When seeking self-reliant living, as well as safe, cost effective drinking water from an energy-free source, a gravity water system is the answer. It is gravity fed. No electricity or water pressure is needed. Ceramic filters safely remove dangerous waterborne pathogens such as cysts and bacteria without the use of dangerous chemicals like chlorine or iodine or the high energy costs of a distiller. The energy-free gravity operation of an AquaRain Water Filter, combined with very long life, state-of-the-art ceramic technology and high quality coconut shell carbon, allows this filter system to produce safe, clean drinking water at the absolute lowest cost per gallon. The durable and attractive stainless steel housing with long lasting ceramic filter elements make the AquaRain Gravity Water Filter System the absolute best value for the dollar in comparison to any other water filter system. All this with the ADDED benefit of its ability to keep producing safe drinking water in an emergency.

Canada E.Coli Death Toll May Rise to 18

TORONTO (Reuters) – The death toll from an outbreak of deadly E. coli bacteria that swept through a small Ontario town last month may be raised to 18, Canadian health officials said on Tuesday.

Health officials said they were investigating four more deaths that could be linked to the E. coli outbreak in Walkerton, Ontario, a farming community of 5,000 about 200 kilometres (125 miles) northwest of Toronto.

Ontario’s chief coroner said four more deaths had been reported to the provincial police, raising the total number of possible E. coli-related deaths in the Walkerton area to 18.

Police added the deaths of an elderly man and woman as well as a 25-year-old man in Walkerton to their investigation. The death of an elderly man in nearby Hanover is also being looked into.

Health authorities have confirmed that at least seven people died from water contaminated by E. coli bacteria during the epidemic, which began in late May and affected about 2,000 people in and around Walkerton.

E. coli (Escherichia coli) is a common bacterium usually found in the intestines of humans and animals. Some strains–like the often lethal 0157 variety that hit Walkerton–can cause dangerous, even life-threatening, infections.

Officials do not yet know exactly how the deadly bug got into Walkerton’s water system but suspect heavy rains may have washed infected manure into the farming community’s wells.

Clean air, dirty water

A gasoline additive turns out to be dangerous

By Laura Tangley

It’s a classic case of good intentions gone awry. When Congress amended the Clean Air Act a decade ago, the lawmakers’ goal was to banish lung-destroying smog from the nation’s cities. But now it turns out that the chemical known as MTBE, which was subsequently added to gasoline to make the fuel burn cleaner, has actually contaminated wells that supply drinking water to tens of millions of Americans from coast to coast.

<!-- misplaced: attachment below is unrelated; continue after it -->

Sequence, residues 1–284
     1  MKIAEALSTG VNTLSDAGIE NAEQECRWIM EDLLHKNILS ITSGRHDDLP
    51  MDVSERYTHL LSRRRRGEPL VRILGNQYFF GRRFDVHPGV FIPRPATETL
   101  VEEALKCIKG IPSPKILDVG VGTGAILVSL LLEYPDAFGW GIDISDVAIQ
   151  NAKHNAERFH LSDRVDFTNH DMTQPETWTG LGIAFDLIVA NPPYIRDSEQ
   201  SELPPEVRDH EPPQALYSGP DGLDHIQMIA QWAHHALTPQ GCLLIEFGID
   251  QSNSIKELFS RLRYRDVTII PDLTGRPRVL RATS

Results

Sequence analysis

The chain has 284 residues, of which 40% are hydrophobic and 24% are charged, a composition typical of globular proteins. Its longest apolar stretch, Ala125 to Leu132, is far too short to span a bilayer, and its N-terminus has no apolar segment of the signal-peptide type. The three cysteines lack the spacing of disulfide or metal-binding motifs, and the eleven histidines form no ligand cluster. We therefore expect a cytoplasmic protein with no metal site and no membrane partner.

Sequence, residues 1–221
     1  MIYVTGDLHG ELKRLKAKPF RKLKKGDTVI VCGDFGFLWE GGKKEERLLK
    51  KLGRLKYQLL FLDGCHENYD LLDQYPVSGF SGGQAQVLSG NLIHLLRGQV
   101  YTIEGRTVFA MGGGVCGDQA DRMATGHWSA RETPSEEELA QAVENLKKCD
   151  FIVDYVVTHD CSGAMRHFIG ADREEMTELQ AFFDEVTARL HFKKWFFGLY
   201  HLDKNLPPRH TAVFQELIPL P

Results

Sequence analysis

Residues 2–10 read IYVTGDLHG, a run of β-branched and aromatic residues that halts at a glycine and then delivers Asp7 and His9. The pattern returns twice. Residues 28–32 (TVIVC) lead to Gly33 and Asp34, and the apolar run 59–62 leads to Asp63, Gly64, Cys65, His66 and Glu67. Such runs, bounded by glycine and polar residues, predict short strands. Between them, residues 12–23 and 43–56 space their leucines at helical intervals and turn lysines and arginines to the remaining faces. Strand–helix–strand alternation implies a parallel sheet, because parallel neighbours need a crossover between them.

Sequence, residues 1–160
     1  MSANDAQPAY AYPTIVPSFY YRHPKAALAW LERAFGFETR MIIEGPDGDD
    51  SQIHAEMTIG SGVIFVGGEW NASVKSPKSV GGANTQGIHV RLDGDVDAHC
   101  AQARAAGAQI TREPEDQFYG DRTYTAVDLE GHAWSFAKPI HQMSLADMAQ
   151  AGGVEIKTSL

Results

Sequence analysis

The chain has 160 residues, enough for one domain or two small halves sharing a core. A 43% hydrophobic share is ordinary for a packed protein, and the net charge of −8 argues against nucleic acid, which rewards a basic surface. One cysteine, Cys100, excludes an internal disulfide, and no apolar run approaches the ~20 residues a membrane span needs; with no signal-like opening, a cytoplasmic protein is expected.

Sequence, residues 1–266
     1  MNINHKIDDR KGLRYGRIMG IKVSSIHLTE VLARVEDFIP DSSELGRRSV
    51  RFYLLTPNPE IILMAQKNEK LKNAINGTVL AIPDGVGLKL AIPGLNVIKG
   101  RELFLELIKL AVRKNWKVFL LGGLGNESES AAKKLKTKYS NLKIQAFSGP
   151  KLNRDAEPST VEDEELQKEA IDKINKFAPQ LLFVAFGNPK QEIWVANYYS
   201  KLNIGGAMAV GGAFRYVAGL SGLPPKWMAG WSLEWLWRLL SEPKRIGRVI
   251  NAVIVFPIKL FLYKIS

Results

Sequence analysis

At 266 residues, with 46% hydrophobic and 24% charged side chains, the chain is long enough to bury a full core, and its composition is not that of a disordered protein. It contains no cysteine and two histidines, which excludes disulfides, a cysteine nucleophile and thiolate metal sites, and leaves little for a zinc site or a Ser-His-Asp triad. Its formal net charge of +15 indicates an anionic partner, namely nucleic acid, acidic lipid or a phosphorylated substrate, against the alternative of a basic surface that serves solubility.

MTBE, or methyl tertiary-butyl ether, reduces toxic auto emissions by boosting the amount of oxygen in gasoline. Now present in about a third of the nation’s gas, the additive has been very effective in helping formerly smoggy cities clean up their act. But a new study, scheduled for publication next month in Environmental Science & Technology, has found that as many as 9,000 community wells in 31 states are threatened by MTBE contamination, primarily because they are located near leaking underground tanks that store gasoline. John Zogorski of the U.S. Geological Survey, one of the study’s authors, calls his team’s results “generally representative of the entire nation.”

Long-lived problem. A handful of states, including California, Maine, and New Jersey, already have plans to stop or at least reduce the use of MTBE, which has been found to cause cancer in laboratory animals. Last week, the U.S. Environmental Protection Agency made a commitment to begin phasing out the additive nationwide. Specifically, EPA administrator Carol Browner has asked Congress to further amend the Clean Air Act to discourage the use of MTBE in gasoline. In addition, the agency will try to restrict the chemical under authority provided by the Toxic Substances Control Act. But both of these strategies could take years to make a dent in the MTBE content of gas. Meanwhile, scientists worry that the additive’s most likely alternative, ethanol derived from corn, has not been adequately tested for safety.

Even if MTBE were banned tomorrow, it would very likely remain a concern for many years. Because the compound degrades slowly and moves easily over long distances, Zogorski believes that past MTBE leaks and spills will threaten water-supply wells until at least the year 2010.

Other scientists have taken the offensive. At this week’s meeting of the American Chemical Society in San Francisco, dozens of researchers will present papers at a four-day symposium devoted entirely to MTBE–including novel strategies for getting the poison out of drinking water. One study suggests that simply adding oxygen to contaminated groundwater encourages native bacteria to degrade the pollutant.

Investigation of E. coli outbreak continues

WALKERTON, ONTARIO — Canadian police and health officials are still investigating how wells in this town 90 miles west of Toronto were infected with E. coli, which has sickened hundreds and killed at least five people. Police also are investigating whether local officials broke laws by failing to report water problems immediately.

Meanwhile, Ontario’s environmental minister, Dan Newman, announced new regulations that would require all of the province’s municipalities to use accredited water-testing labs and to inform the government when hiring a new, private testing firm, according to The Associated Press.

Water plants also would be reviewed and certified every three years, and the ministry would clarify procedures requiring laboratories to notify health officials, city officials and the environment ministry of irregularities.